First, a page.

[an error occurred while processing this directive] Ellen McBreen, who runs private tours of Paris art museums, kept hearing the same question on her Louvre walkabouts: "Is this where the curator was murdered?" The curator in question, Jacques Saunière, is a fictional character in Dan Brown's ubiquitous best seller The Da Vinci Code, but her clients' interest was real and surprisingly keen. Some of the novel's "hard-core followers," McBreen remembers, came to the Louvre equipped with highlighted passages and well-researched questions.
McBreen sensed a business opportunity for her tour company, Paris Muse. In February, she started to offer Cracking the Da Vinci Code tours: 2 1/2 hour sessions exploring the numerous (and sometimes misleading, McBreen points out) Louvre references in the novel. The business exploded, and Paris Muse, tel: (33-6) 7377 3352, now books about 100 Da Vinci Code tours a month roughly half the company's business at $133 per person. "This guy has miraculously gotten people interested in topics that academics haven't been able to for centuries," says McBreen.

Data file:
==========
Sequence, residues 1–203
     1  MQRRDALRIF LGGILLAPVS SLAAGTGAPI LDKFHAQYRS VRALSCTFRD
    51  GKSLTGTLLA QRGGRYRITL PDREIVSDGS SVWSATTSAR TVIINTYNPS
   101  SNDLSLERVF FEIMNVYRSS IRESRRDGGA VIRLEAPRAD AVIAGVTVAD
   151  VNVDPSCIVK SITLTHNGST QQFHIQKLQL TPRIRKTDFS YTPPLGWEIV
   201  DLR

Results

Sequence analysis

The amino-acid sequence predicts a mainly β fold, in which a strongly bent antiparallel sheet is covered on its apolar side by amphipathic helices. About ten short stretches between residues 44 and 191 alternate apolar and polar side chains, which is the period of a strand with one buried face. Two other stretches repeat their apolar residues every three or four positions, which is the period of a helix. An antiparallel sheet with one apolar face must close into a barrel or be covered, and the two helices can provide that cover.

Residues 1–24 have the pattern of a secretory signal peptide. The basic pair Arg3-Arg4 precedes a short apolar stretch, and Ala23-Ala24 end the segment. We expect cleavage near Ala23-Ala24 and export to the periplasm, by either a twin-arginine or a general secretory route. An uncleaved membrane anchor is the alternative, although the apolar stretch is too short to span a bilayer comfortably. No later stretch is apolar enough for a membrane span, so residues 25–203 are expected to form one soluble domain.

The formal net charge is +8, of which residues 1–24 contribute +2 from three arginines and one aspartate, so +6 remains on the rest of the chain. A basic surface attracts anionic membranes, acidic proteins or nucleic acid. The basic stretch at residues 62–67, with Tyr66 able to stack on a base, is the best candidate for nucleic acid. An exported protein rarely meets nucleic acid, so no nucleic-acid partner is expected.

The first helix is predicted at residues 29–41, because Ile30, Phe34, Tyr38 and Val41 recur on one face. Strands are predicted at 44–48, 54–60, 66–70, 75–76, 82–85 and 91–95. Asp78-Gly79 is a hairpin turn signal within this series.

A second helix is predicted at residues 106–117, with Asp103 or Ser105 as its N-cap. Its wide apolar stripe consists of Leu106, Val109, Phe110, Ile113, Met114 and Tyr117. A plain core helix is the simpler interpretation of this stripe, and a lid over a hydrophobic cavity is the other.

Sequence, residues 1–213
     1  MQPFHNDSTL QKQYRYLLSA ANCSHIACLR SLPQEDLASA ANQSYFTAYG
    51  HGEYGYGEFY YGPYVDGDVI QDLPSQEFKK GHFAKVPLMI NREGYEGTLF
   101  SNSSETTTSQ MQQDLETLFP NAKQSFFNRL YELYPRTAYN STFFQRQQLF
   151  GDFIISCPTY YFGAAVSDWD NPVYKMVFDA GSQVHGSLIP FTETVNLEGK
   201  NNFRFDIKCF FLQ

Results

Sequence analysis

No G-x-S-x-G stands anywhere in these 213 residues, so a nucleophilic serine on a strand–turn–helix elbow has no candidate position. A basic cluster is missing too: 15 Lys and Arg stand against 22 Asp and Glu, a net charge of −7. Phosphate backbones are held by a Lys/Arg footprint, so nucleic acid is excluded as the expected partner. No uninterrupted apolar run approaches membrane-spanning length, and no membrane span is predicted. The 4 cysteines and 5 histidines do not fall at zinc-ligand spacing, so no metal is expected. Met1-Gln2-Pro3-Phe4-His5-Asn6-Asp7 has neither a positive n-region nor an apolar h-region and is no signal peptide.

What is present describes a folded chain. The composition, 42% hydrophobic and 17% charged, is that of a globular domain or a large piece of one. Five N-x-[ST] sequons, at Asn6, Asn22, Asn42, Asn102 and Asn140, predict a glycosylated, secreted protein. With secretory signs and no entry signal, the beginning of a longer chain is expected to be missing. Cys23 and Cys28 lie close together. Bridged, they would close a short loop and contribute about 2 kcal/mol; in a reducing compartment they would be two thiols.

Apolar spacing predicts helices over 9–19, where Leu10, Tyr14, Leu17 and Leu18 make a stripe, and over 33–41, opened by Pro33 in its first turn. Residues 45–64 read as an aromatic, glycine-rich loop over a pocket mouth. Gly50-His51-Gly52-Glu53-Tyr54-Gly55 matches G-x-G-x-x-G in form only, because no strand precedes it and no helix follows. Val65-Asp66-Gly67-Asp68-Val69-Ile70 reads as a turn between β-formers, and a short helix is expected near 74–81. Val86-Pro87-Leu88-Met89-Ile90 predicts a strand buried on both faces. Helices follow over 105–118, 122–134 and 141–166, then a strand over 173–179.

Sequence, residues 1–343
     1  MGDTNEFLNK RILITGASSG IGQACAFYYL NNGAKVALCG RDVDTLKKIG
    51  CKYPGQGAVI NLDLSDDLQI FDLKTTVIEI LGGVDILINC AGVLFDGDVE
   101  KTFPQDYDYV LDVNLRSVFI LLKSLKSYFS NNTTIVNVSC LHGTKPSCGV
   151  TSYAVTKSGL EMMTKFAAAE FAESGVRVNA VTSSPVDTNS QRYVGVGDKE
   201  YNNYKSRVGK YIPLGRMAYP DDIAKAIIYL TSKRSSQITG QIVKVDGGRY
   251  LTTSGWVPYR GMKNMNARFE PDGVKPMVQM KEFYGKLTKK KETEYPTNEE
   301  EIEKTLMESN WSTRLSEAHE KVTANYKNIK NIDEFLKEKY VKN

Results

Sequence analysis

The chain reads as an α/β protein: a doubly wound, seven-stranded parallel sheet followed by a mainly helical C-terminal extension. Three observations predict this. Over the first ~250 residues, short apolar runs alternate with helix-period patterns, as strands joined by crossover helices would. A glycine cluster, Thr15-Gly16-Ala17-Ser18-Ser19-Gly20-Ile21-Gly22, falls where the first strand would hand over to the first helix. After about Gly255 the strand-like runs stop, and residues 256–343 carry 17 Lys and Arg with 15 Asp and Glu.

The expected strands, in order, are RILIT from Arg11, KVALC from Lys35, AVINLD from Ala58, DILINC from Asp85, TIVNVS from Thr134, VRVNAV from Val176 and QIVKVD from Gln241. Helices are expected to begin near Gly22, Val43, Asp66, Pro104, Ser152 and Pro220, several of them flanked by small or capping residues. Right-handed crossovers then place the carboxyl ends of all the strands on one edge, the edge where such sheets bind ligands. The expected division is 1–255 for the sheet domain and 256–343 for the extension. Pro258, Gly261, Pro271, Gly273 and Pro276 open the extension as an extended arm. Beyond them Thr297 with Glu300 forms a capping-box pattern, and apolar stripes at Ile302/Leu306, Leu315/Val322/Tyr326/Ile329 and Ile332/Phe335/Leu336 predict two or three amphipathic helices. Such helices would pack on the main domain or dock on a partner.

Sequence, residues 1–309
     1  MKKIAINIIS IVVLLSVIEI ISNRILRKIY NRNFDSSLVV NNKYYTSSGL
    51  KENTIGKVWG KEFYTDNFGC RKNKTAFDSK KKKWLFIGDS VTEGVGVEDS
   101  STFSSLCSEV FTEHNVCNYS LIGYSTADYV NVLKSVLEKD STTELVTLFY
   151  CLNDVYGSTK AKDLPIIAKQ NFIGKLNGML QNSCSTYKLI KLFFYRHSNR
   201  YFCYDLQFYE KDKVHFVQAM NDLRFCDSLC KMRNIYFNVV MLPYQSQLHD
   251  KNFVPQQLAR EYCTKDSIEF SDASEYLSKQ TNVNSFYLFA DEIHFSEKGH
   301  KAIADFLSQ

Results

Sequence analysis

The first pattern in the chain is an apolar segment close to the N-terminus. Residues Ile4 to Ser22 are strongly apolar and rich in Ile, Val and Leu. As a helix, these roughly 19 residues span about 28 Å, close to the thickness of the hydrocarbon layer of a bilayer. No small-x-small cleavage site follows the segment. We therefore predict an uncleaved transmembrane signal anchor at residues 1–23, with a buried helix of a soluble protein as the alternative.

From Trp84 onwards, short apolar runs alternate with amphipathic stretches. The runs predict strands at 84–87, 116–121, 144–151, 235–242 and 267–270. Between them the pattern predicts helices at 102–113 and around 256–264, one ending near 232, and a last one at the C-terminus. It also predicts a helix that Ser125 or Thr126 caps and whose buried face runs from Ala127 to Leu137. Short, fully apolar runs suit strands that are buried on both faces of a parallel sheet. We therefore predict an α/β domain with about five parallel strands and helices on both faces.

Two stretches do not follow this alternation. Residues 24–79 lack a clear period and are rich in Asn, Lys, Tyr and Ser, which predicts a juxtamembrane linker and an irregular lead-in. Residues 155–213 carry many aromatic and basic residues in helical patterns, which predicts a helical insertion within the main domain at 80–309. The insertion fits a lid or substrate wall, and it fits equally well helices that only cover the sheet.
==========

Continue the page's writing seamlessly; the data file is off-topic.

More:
Brown's Midas touch stretches well beyond the Louvre. Rosslyn Chapel outside Edinburgh welcomed twice as many tourists in July as last year, and predicts its yearly numbers will increase by at least 25%. General Tours, a U.S.-based travel company, is offering an all-inclusive eight-day travel "adventure" this month in the footsteps of Robert Langdon, the book's protagonist, visiting sites in France, England and Scotland. Cost: $2,900 to $3,800, including airfare, tel: (1-603) 357 5033. "A lot of this is simply clever entrepreneurialism," says Stuart Beattie, Rosslyn's project director. Not that he intends to miss the rush: joining the Rosslyn Chapel Trust, the association which in the novel guards the secret of the Holy Grail, is open to all, Beattie says for a donation of $9, that is.